If you have hurt yourself or you had to undergo surgery and cannot bear weight on a leg, your doctor may recommend crutches for you. Crutches are medical devices that allow you to continue being mobile while your injured leg heals. Using crutches can be a challenge. See if a family member can help you when you are first getting started with them. Be sure your crutches are adjusted to the proper height before using them.
EditPositioning the Crutches
- Wear the shoes that you will normally wear. Before you position the crutches, make sure you’re wearing the shoes that you’ll wear for normal, everyday activity. This will make sure that you’re at the right height when you adjust your crutches.
- Position crutches correctly for your height. Using crutches at the incorrect height can lead to nerve damage in the armpit area. You should have about 1 ½ inches between your armpit and the top of the crutch when the crutches are in a normal position. In other words, the pads on the crutches should not be squeezed to your sides or an unnecessary distance from your body.
- When you use the crutches, you will place the arm pads under your armpits, not right inside them.
- Adjust the crutches. Adjust your crutches so that when you are standing upright with your hands at your sides, the handles sit just under your palms. The arm guards should be about 1 inch or 3 centimeters above your elbow.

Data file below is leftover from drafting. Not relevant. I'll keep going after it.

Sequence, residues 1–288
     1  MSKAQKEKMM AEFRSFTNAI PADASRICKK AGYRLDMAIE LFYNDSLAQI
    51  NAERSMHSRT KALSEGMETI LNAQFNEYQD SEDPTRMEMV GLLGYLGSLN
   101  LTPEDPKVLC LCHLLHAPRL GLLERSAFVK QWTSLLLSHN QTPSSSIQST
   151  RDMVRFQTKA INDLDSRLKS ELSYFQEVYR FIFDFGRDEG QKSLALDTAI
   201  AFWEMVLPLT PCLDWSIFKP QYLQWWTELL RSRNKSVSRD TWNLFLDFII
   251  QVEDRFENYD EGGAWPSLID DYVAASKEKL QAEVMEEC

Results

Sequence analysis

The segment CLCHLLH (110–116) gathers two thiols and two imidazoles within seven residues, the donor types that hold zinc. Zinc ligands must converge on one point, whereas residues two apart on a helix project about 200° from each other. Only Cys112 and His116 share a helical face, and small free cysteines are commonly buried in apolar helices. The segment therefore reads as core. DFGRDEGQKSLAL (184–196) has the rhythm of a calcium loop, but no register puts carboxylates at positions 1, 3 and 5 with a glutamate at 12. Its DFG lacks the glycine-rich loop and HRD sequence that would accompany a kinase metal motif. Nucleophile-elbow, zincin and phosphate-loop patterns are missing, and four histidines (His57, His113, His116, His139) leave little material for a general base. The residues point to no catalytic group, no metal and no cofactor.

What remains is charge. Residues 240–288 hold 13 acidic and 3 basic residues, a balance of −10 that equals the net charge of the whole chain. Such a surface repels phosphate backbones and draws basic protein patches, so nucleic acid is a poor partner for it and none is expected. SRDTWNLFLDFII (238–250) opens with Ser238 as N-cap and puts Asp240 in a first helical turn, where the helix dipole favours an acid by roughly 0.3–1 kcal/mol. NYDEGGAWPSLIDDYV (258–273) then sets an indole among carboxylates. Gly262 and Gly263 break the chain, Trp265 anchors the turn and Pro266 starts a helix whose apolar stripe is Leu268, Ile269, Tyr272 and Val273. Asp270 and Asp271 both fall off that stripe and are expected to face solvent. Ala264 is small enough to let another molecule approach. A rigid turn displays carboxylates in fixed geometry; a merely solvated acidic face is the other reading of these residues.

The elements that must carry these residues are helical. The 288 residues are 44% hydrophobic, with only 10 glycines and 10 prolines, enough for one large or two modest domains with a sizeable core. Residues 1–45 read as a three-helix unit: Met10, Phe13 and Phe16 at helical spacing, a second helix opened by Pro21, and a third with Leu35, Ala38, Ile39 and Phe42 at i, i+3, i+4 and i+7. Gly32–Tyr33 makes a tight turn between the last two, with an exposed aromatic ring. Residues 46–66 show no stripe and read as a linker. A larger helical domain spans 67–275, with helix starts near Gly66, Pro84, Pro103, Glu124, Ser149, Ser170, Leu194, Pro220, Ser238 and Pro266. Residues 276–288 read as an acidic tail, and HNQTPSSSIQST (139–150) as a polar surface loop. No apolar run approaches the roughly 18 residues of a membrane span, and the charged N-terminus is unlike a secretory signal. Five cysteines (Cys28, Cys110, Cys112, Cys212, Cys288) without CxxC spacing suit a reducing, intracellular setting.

- When you first get crutches, your doctor or a nurse may help you adjust them for the first time.
- Align the handpiece with your hip. You can reposition this piece by removing the wing nut and sliding the bolt out of the hole. Slide the hand bar to the appropriate location, insert the bolt, and fasten the nut.
- Call your doctor if you do not feel safe on crutches. There may options for devices other than crutches, depending on the type of injury.
- A walker or cane may be an option if you are allowed to bear some weight on the leg.
- Crutches require a fair bit of arm and upper body strength. If you are weak or elderly, your doctor may recommend a wheelchair or walker instead.
- See a physical therapist. You can ask your doctor about physical therapy, which is a commonly recommended option when you need to use crutches. A physical therapist will help you learn how to use crutches properly and can monitor your progress. Because crutches are often prescribed after an injury or surgery, you may need rehabilitation as well.
- Your doctor may recommend at least a few sessions with a physical therapist to help you get the hang of crutches. If you cannot put any weight on your leg, your doctor will likely send you to the physical therapist before you leave the hospital so that you can learn how to move around properly.
- If you have had surgery on your leg or knee, you will likely need to see a physical therapist for rehabilitation. Your PT will make sure that you are stable and able to walk safely using your crutches. The PT will also work with you to develop your strength and mobility.
EditWalking with Crutches
- Put your crutches in place. The crutches should be positioned straight up-and-down to begin. Position the shoulder pads slightly wider than your shoulders so that you can fit between the crutches when you stand up. The feet of the crutches should be next to your feet, and the pads should be underneath your arms. Place your hands on the hand pieces.